Who Am I Voting For?

Categories: General, Politics
by on October 30th, 2008

As the election draws closer (5 days from now) I am getting more and more emails and phone calls asking who I am voting for. Along with those there are the emails and YouTube pieces attacking Obama/Biden or McCain/Palin. There is the current squabble over who is more irresponsible with campaign funds Barack Obama for spending hundreds of thousands of dollars to take the 767 campaign plane to visit his ailing grandmother or the McCain campaign for spending $150,000 on a campaign wardrobe for Sarah Palin. On the other side are interviews of Obama discussing his views on redistributing wealth. The first example seems to me to be a bit like one party arguing that the opposing candidate is ugly and the response coming back “Well your candidate is fat.” Whether the accusations are true or not doesn’t really bear on the questions directly related to who would be the best Commander and Chief. It seems to me the question of whether or not a campaign spends funds on a flight for personal business or wardrobe is more of an issue between the respective campaigns and their donor base.

The question of redistributing the wealth seems more of an issue for voters to consider. Elections are by their very nature emotionally wrenching and each side demands to be viewed as holding the moral high ground. Although I won’t tell you who I will be voting for, and there are more candidates than just those from the Democrat and Republican parties, I can probably lay out a few guidelines that I will be using.

First, I should note that there is no perfect candidate. Even as I write this I am reminded of a young woman who came to me some years ago with a 4 page, typed, single space list of the qualities she would be looking for in her future husband. She had been to many Christian seminars where she culled the format for spousal selection. She asked it I would look it over and let her know my thoughts. As I looked at it briefly I explained that she would very likely be an old maid as this man doesn’t exist. Being quite beside herself she asked what I would suggest. I explained the differences in how men and women think about the world which then explains what is often their opposite approach to problem solving and relationships. I then suggested a very different kind of list, one that would be much shorter and easier to manage. It would consist of the things she absolutely cannot stand in someone and don’t marry them. It was indeed a much shorter list and she was engaged about 2 months later. That was probably 15 years ago and they are still happily married. The criteria I will use to decide who I will vote for will follow these two areas fairly closely.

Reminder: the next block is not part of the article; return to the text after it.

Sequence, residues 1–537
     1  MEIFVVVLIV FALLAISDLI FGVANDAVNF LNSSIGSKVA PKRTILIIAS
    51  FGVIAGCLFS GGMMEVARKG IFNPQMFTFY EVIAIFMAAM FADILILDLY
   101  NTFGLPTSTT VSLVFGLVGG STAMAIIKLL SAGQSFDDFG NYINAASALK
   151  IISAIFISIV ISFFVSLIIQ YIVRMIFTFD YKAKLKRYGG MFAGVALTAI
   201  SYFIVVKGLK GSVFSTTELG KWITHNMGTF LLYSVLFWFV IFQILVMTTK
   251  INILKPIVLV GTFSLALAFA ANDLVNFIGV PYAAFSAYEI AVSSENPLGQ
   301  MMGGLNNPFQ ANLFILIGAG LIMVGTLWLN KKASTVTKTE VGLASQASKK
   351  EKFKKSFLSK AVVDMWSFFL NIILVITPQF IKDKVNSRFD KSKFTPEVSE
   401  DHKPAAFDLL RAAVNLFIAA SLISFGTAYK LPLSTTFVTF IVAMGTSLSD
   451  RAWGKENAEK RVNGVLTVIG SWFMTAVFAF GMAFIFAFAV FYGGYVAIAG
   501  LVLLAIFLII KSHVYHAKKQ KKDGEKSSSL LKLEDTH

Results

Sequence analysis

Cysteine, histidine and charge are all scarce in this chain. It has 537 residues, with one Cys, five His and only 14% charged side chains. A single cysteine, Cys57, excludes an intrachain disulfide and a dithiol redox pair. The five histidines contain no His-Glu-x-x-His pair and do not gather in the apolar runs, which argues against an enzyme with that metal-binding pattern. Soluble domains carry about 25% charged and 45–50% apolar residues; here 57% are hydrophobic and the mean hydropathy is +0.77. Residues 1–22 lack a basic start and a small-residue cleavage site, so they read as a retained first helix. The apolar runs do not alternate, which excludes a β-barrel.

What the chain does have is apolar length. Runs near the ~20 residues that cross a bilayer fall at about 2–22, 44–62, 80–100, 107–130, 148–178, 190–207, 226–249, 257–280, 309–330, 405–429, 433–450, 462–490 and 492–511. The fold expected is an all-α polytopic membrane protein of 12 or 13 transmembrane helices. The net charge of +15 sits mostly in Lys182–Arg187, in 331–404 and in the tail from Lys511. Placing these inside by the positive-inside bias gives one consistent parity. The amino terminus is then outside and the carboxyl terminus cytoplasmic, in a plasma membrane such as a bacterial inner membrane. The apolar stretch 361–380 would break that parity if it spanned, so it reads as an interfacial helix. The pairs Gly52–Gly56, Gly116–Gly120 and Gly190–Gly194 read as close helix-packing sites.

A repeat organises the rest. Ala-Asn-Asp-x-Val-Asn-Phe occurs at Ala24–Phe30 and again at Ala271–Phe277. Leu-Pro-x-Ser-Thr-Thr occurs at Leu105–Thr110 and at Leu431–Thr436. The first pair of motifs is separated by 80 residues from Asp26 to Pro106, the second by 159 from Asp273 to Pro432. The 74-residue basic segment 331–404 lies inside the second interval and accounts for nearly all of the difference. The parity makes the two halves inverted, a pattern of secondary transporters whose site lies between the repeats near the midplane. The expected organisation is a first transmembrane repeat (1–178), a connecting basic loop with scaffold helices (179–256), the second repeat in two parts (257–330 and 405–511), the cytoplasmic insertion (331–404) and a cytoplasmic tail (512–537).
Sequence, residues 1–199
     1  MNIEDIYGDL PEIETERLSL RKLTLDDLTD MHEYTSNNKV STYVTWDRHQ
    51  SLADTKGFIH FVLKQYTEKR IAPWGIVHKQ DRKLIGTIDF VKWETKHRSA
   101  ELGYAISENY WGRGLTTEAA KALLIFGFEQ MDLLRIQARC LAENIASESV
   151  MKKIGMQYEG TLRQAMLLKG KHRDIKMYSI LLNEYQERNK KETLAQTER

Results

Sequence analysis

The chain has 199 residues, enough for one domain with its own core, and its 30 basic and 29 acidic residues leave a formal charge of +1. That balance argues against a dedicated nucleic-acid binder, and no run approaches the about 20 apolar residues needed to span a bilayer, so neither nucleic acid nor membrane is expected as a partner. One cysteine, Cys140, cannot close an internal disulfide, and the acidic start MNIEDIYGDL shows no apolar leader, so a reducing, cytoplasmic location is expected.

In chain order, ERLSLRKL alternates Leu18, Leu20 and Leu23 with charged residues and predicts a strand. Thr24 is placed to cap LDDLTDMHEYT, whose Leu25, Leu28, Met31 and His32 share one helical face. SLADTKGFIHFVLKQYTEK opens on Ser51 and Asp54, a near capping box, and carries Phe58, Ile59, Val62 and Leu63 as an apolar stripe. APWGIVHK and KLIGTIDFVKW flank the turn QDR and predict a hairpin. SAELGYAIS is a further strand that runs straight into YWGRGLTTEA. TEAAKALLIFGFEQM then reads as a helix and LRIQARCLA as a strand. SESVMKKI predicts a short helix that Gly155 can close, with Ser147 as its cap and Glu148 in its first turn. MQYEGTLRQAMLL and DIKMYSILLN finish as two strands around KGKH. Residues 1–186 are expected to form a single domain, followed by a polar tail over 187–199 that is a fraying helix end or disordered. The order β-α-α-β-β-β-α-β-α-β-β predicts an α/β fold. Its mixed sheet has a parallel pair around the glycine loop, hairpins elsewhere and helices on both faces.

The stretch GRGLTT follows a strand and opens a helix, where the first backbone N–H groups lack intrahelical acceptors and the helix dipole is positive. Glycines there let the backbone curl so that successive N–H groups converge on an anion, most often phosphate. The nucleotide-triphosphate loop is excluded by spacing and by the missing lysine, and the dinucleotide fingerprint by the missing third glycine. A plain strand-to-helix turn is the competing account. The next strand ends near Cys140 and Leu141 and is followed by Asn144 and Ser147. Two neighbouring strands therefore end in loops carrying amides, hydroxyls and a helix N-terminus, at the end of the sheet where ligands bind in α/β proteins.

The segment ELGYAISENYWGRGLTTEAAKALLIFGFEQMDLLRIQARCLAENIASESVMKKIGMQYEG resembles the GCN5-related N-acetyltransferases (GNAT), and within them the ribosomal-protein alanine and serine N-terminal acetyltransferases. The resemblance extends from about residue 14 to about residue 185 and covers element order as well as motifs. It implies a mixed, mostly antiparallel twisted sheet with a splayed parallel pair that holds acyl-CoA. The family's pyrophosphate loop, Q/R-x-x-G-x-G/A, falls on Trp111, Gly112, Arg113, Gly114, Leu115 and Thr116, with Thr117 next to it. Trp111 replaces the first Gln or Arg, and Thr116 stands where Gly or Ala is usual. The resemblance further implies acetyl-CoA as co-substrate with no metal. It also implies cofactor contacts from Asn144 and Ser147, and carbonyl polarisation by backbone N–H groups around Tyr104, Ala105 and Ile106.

Worldview Differences

One’s view of the world, how it works and their place in it will to a large degree guide their decision making process and actions. In the world of politics there are two basic views, liberal and conservative. There are of course, variations of those such as libertarian which takes elements of these views but for the moment I will keep this basic.

Liberals view humans as basically good and society as basically bad. “They” and “them,” the nameless, faceless society, are cast as trying to harm individuals. Legislation then is created to protect the individual from society. Conservatives on the other hand, see the individual as basically not good and crafts legislation to protect society from the individual. There are those who will certainly object here and insist that conservatives also see humans as basically good. However, the standard for conservatives is not measuring ourselves against one another (2 Corinthians 10:12) but rather against the good exhibited in Jesus Christ and anything not meeting that standard is by definition not good. We are simply various gradations of evil. Most would not meet the quotient of evil of Adolph Hitler and so are less evil but as the Apostle Paul points out in Romans 3:10, “There is none righteous, not even one.” Jesus was clear on this as well when He said to His disciples:

If you then, being evil, know how to give good gifts to your children, how much more will your Father who is in heaven give what is good to those who ask Him! (Matthew 7:11)

As a result, although very often liberals and conservatives see the same problems their worldviews are essentially polar opposites and therefore their solutions to those problems are also often polar opposites.

The Short List

We probably will never have a candidate that reflects all of our personal values and this includes the candidates in this election as well. So, I have a short list of positions I could not accept and would preclude me from voting for a candidate.

And Jesus said to them, “I ask you, is it lawful to do good or to do harm on the Sabbath, to save a life or to destroy it?” (Luke 6:9)

The choice Jesus lays out is not evil vs. good but good vs. better. The religious leaders had read into the fourth commandment a number of things which it did not directly state in order to clarify what constitutes work on the Sabbath and protect people from violating the Sabbath. The good was to not work on the Sabbath vs. healing someone on the Sabbath. To Jesus not doing the best good (healing) was equivalent to doing harm. Not saving a life was equal to destroying one. One good, “to save a life” is of a higher priority and trumps another good, not working on the Sabbath. This theme emerges again in Luke 14:1-6 as He is talking with the lawyers (how fitting in this discussion since most politicians are lawyers) and Pharisees about healing on the Sabbath. In verse 5 He poses the question:

Which one of you will have a son or an ox fall into a well, and will not immediately pull him out on a Sabbath day?”